This deserves five stars, but I am giving this particular version only four stars because the menus on the DVD are impossible to read, either on my TV set or my computer screen, so navigating the DVD is a horrible experience. Whoever thought thin grey text on a black background was a good idea should go back to design school! If anyone knows what the menu buttons say, please get in contact, as I don't think Snapper are going to!!
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on 14 March 2009
This is a very textured-layered dark and moving Album for the intriguing Steve Wilson. Up there with the best stuff of PT but different in it's own right. GH percussion is up there again with intricacy like Neal Peart brings to table in rush.

Very Deep-Dark-Moving as good Rock music should be.

PT fans will not be disappointed. This guys has so much talent totally uncompromising and has such volume of output and energy he really is something special.
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on 11 March 2009
Steven Wilson's body of work is astonishing. Not only contributing to his own projects: Bass Communion; No-Man; Blackfield, the superb Porcupine Tree and producing albums for many more artists. He also finds the time for a solo album.
That this album will probably only sell in limited numbers is something that his many fans, myself inculded, will find staggering. But is further proof that the music industry at the moment is only really interested in the 'next big thing.'
I had probably hoped that this album would sound like Porcupine Tree, which it does in parts, but there are so many ideas in here that it really defies catagorization.
'Harmony Korine' starts things of slowly, gradually building to a massive wall of sound as the track progresses.
Other favourites of mine are the brooding 'Salvaging,' Veneno Para Las Hadras (now that does sound like Porcupine Tree) and the excellent 'Get All You Deserve' that escalates to a wall of noise at the end, something that Mr. Wilson does so well.
As mentioned above in another review the original release came in a lavishly packaged binder (now discontinued) containing high quality pictures and extra tracks. That a couple of these tracks, ie 'Collecting Space' and the wonderful 'The 78' didn't make this release is a shame but there is still plenty here to admire.
If you don't know Steven Wilson's work give this a try. If you like quality, thought provoking music you won't be disappointed. But be warned, the above mentioned band's back catalogues are vast and you could find your bank balance much the smaller for it.
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on 30 May 2009
Having been a recent convert to Procupine Tree, I thought I'd have a go at this after checking out the Harmony Korine Video.

This is just brilliant, as an earlier review said you can't pin down exactly what it is about this album that hooks you in, but you find yourself drawn into the sound as the music progresses.

I know some people have a problem with Steve Wilson's singing style, but I can't really find any other type of vocals that would fit with this material.

Any Radiohead Fans out there should seriously give this a spin, it sounds at lot like the direction I thought they were heading in with OK Computer.

Stand out tracks for me have to be Significant Other, it really reminds me of Arriving Somewhere off Porcupine Tree's Deadwing, and the Title Track which has that slightly creepy vibe to it despite sounding like a ballad.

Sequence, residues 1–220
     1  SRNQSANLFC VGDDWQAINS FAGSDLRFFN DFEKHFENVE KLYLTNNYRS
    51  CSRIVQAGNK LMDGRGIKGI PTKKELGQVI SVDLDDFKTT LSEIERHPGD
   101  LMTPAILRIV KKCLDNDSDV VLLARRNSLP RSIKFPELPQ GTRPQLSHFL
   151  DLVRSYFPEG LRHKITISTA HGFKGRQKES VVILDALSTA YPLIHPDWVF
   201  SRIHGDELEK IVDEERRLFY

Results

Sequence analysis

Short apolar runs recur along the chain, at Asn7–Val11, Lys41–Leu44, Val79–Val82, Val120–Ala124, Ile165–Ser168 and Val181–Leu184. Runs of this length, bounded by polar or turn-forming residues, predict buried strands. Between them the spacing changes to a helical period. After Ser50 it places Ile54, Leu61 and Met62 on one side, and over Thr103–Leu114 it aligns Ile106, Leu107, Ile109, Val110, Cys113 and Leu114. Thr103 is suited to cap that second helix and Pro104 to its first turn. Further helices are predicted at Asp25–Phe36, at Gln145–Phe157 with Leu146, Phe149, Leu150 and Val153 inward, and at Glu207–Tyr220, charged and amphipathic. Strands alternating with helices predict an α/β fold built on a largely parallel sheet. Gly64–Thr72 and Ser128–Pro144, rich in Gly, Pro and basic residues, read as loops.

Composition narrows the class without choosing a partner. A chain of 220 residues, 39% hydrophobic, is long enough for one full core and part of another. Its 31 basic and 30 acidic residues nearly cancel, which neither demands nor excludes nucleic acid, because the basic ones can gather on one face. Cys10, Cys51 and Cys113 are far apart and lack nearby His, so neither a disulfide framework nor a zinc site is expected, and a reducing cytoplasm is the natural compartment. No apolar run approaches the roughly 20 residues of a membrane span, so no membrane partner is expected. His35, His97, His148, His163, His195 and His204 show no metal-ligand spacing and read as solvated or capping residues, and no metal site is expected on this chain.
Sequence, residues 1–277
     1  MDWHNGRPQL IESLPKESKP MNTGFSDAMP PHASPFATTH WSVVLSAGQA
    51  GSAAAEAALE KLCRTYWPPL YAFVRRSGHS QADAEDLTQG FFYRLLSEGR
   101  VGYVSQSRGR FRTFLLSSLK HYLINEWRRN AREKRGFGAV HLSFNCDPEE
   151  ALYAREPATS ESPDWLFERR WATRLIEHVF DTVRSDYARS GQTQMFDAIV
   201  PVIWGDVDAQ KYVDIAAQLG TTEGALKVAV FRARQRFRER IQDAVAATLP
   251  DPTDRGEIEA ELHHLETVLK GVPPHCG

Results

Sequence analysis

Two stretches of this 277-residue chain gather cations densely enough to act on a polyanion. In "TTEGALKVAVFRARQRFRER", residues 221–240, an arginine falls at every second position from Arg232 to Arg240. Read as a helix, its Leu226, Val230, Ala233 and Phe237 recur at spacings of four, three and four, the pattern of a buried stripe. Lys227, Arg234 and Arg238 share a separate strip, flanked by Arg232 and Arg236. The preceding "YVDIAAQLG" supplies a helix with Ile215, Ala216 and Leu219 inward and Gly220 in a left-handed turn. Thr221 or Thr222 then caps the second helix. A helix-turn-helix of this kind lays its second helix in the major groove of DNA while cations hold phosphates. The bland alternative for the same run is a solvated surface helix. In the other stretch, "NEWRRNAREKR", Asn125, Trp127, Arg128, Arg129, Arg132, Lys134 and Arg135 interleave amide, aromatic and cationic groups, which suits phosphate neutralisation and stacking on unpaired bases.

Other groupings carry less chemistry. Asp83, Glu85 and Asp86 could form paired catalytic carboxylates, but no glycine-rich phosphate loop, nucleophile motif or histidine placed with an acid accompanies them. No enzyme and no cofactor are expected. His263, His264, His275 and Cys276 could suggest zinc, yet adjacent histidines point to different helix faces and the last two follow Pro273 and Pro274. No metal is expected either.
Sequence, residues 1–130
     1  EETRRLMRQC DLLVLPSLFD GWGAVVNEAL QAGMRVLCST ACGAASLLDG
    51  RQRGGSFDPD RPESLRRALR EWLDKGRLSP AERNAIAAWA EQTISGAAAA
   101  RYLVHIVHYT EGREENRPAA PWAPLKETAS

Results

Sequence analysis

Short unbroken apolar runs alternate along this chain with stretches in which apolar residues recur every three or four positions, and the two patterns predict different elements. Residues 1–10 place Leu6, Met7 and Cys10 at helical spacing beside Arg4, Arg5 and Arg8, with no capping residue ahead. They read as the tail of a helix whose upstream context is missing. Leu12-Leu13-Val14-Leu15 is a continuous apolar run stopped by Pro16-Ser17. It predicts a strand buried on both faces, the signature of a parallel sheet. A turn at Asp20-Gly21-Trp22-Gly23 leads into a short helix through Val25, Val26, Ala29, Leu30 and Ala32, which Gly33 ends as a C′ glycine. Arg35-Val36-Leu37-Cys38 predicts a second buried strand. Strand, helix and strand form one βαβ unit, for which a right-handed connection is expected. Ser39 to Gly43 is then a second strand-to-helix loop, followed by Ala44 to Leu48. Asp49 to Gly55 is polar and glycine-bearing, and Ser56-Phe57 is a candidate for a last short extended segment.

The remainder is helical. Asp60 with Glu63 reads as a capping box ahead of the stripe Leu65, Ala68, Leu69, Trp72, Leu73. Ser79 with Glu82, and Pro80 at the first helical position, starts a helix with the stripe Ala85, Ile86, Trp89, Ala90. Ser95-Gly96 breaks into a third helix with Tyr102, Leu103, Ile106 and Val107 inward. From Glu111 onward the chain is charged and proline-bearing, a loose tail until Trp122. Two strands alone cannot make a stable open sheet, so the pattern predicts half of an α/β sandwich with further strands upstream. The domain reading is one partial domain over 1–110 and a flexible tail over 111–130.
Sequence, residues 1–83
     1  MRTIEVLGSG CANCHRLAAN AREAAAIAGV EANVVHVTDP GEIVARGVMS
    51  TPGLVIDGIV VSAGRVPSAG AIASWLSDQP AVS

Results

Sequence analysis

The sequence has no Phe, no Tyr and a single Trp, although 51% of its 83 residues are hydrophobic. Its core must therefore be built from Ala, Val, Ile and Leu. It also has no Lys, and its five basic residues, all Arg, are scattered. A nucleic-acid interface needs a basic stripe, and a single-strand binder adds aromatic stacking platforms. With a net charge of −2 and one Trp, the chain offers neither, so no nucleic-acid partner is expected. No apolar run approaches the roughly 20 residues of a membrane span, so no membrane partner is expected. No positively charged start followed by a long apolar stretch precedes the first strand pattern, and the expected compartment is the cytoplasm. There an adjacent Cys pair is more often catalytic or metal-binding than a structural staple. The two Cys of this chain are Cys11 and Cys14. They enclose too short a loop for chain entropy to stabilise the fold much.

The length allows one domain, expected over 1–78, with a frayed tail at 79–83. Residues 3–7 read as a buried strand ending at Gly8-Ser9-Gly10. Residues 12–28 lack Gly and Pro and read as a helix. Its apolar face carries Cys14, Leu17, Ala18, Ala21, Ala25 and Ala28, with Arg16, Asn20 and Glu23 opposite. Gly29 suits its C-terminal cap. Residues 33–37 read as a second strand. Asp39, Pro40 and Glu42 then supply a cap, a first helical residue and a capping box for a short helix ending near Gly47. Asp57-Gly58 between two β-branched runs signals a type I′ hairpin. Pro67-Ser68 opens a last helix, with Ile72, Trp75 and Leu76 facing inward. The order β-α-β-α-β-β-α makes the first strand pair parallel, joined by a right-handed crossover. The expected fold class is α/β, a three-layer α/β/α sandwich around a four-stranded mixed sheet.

The package is topped off by the 5.1 Mix on Disc 2 that adds an immense amount of space to the Production that only adds to the atmosphere.
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on 26 September 2011
3 years that is, since the Deluxe version was released... I have had 3 years to digest this album, and while on the surface it is as solid and as beautiful as any Porcupine Tree release, it lacks a certain replayability (is that even a word?) and is therefore lacking in substance. That isn't to say it isn't a good/great album, especially when you compare it to OTHER bands, but against the PT legacy this pales in comparison. As with the recent 'Grace' album I have awarded 4 stars. In reality I would say 3.5. An interesting listen now and then but for a better introduction to his work try 'Deadwing' and 'The Incident' by Porcupine Tree first. These 2 ablums are similar to this solo release. Whichever way you choose to introduce yourself to this man, you will soon realise that he is one of the most underappreciated British musicians of the last 30 years.

Or the best kept secret?
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on 30 May 2009
How does a guy from Hemel Hemptsted get to be this talented?
Every track on this album is enagaging, fresh and different. More varied and experimental than his recent Porcupine Tree material, the album takes in contemporary musical influences such as the 'drone metal' of Sunn ((0)) evidenced on tracks like 'abandoner' and 'get all you deserve'. Whilst this gives the album a welcome leftfield edge, just as strong are wilson's ear for melody and a talent to write a good song. A beautifully layered and textered production, together with an engaging mini documentary DVD, makes for a very appealling package indeed. First Class.
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on 9 May 2009
This isn't going to be much of a review because I don't think a few words can really do justice to an album like this. It rocks out - in places - but it's so much more than an, albeit excellent, rock album. I don't know what the correct genre term is these days (so I'll make one up - "nu prog") but it's a wonderfully ambient listen that explodes into life in all the right places. It's just brilliant, and I find it quite reassuring that there's still someone in the music "biz" who's capable of coming up with rewarding, beautiful, sweeping, thought-provoking music. Other reviews have mentioned Radiohead, and I agree that like their albums it will certainly reward repeated listening. Thank you Steve Wilson.